Topics A to Z

As part of NEHA's continuos effort to provide convenient access to information and resources, we have gathered together for you the links in this section. Our mission is "to advance the environmental health and protection professional for the purpose of providing a healthful environment for all,” as well as to educate and inform those outside the profession.

Abstract

Various methodologies have been utilized in hand-hygiene (HH) research to measure the quality and compliance rates of hand washing. Some notable examples are direct observation, self-report, image quantification of fluorescence, microbial sampling, automated systems, and electronically assisted devices. While direct observation is considered the gold standard of HH monitoring systems, its methodological limitations (e.g., high staffing demands, participant reactivity, and undersampling) have yet to be overcome. As a result, there is renewed interest in developing technologies or methods of assessment that are cost-effective, accurate, and not intrusive. This article provides a brief review of HH monitoring systems while presenting a less resource-intensive methodology utilizing image analysis of fluorescence to assess hand washing. Results indicate that the proposed HH protocol could be used to replace human visual analysis of fluorescence, as well as provide a less resource-intensive option to assess HH under controlled conditions. Future implications and the need for additional research, such as cross-validating the results in a real-world clinical setting, are discussed.

June 2016
June 2016
78.10 | 14-20
Neil Deochand, MS, MA, Michelle E. Deochand, MS

This presentation will highlight the benefits of leveraging cross-disciplinary knowledge, resources, and communication channels on water quality and public health. Several examples of media coverage of water quality issues and the response from public health officials and water quality practitioners will be presented to give attendees an understanding of the perspectives of water quality and public health groups, common understandings, and technical challenges.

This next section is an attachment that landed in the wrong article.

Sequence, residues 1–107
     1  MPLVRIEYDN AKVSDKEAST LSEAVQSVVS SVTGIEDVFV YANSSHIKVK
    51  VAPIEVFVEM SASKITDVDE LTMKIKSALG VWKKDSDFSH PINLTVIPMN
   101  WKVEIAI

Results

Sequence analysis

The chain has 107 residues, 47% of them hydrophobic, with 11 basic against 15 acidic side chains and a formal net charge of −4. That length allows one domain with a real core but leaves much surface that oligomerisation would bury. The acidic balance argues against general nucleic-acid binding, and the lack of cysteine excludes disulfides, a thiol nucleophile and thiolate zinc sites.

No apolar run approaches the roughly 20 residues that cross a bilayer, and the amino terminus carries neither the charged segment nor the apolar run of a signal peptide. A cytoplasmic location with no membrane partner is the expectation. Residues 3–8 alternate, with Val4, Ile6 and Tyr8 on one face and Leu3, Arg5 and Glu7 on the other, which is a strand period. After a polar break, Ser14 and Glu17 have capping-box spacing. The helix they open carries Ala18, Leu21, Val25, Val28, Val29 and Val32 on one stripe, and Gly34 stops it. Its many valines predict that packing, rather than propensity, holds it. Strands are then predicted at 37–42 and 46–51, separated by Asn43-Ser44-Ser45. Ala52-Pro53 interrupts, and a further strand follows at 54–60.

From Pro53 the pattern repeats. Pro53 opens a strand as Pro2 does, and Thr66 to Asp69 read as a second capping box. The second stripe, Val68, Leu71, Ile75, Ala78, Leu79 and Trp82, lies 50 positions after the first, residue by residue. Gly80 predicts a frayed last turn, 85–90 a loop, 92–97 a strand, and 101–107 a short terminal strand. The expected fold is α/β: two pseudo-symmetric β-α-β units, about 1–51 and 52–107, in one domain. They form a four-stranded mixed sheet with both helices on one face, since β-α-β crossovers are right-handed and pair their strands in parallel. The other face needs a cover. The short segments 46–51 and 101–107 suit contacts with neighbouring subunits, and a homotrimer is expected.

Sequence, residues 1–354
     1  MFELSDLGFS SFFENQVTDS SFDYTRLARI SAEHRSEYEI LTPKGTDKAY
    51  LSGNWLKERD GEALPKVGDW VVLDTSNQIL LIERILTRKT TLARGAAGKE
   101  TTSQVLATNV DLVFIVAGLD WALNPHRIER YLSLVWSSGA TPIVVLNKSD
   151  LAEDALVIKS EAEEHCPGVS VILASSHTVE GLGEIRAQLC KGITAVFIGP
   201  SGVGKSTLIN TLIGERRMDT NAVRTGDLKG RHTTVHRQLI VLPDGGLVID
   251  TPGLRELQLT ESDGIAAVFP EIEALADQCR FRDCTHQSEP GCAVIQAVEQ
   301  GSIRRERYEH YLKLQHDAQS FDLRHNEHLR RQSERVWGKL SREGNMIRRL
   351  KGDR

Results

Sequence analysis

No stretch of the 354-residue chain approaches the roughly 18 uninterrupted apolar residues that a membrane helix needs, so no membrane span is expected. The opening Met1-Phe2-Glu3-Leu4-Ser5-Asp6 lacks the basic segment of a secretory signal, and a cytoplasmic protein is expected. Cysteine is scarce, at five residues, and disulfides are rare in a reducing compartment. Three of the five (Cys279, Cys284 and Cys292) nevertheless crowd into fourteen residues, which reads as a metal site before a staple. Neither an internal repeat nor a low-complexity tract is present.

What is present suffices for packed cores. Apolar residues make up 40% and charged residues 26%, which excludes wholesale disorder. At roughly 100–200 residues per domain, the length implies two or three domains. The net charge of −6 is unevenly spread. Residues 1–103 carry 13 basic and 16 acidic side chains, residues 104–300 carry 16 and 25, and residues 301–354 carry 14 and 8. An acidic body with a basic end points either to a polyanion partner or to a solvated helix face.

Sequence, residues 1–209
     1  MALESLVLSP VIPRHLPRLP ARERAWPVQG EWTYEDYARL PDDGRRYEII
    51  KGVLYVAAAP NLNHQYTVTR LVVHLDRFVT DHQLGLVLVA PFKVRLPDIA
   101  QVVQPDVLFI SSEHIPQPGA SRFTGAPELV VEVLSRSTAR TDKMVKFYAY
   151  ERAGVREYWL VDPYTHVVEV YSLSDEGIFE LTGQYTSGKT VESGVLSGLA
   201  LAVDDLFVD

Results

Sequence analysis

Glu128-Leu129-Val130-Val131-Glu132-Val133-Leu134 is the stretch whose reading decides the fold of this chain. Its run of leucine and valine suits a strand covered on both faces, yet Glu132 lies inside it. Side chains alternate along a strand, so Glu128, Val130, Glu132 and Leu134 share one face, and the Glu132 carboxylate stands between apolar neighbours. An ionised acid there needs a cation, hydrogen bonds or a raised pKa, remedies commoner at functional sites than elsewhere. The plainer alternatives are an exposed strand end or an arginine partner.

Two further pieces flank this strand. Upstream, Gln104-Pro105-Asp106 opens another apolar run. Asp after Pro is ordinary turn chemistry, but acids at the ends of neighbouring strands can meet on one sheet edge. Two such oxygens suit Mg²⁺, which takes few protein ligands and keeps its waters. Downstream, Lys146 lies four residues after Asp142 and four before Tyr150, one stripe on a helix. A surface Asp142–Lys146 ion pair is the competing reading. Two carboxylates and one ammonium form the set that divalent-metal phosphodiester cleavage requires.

Come away with techniques and recommendations to more effectively and consistently communicate with the public about water quality issues.

July 2015
Rula A. Deeb, PhD, BCEEM
Potential CE Credits: 0.50

In times of fiscal austerity we are sometimes confronted with making hard choices about our environmental health programs. This presentation will explore how to trim outdated or "sacred cow" programs and strengthen key programs with high public health benefit. The presentation will include case studies on how general fund tax dollars can be replaced with funds from other sources and on how interns, volunteers, and community partnerships can be used to strengthen priority programs. 

July 2015
Bob Custard, REHS/RS, CP-FS, Lydia Zweimiller, REHS , Michele Howard , Erin May, MPH, CPO
Additional Topics A to Z: Workforce Development

Abstract

We surveyed public health and vector control agencies in the U.S. to identify barriers restricting the implementation of geospatial modeling for West Nile virus (WNV) control. We conducted 18 standardized interviews with public health and vector control agencies in states with the highest cumulative human WNV cases. Agencies were organized by their implementation of geospatial modeling (Initial: Implementation and Support; Internal: Surveillance and Mitigation, and External: Outreach and Communication) and thematic analysis was used to identify barriers and best practices. Initial: Implementation and Support agencies reported funding and educational barriers, while Internal: Surveillance and Mitigation agencies reported surveillance data challenges and mistrust of geospatial modeling as limiting geospatial modeling usage. Agencies involved in External: Outreach and Communication reported policy guidelines and lack of public interest as barriers to using geospatial modeling for WNV control. To overcome these challenges, we identified the use of unified resource programs, local data repositories, and multi-stakeholder taskforces for addressing these challenges to WNV control. The findings from this study can be used to help improve WNV control within the U.S. and might be equally valuable for preemptively mitigating the impacts of emerging and reemerging mosquito-borne diseases.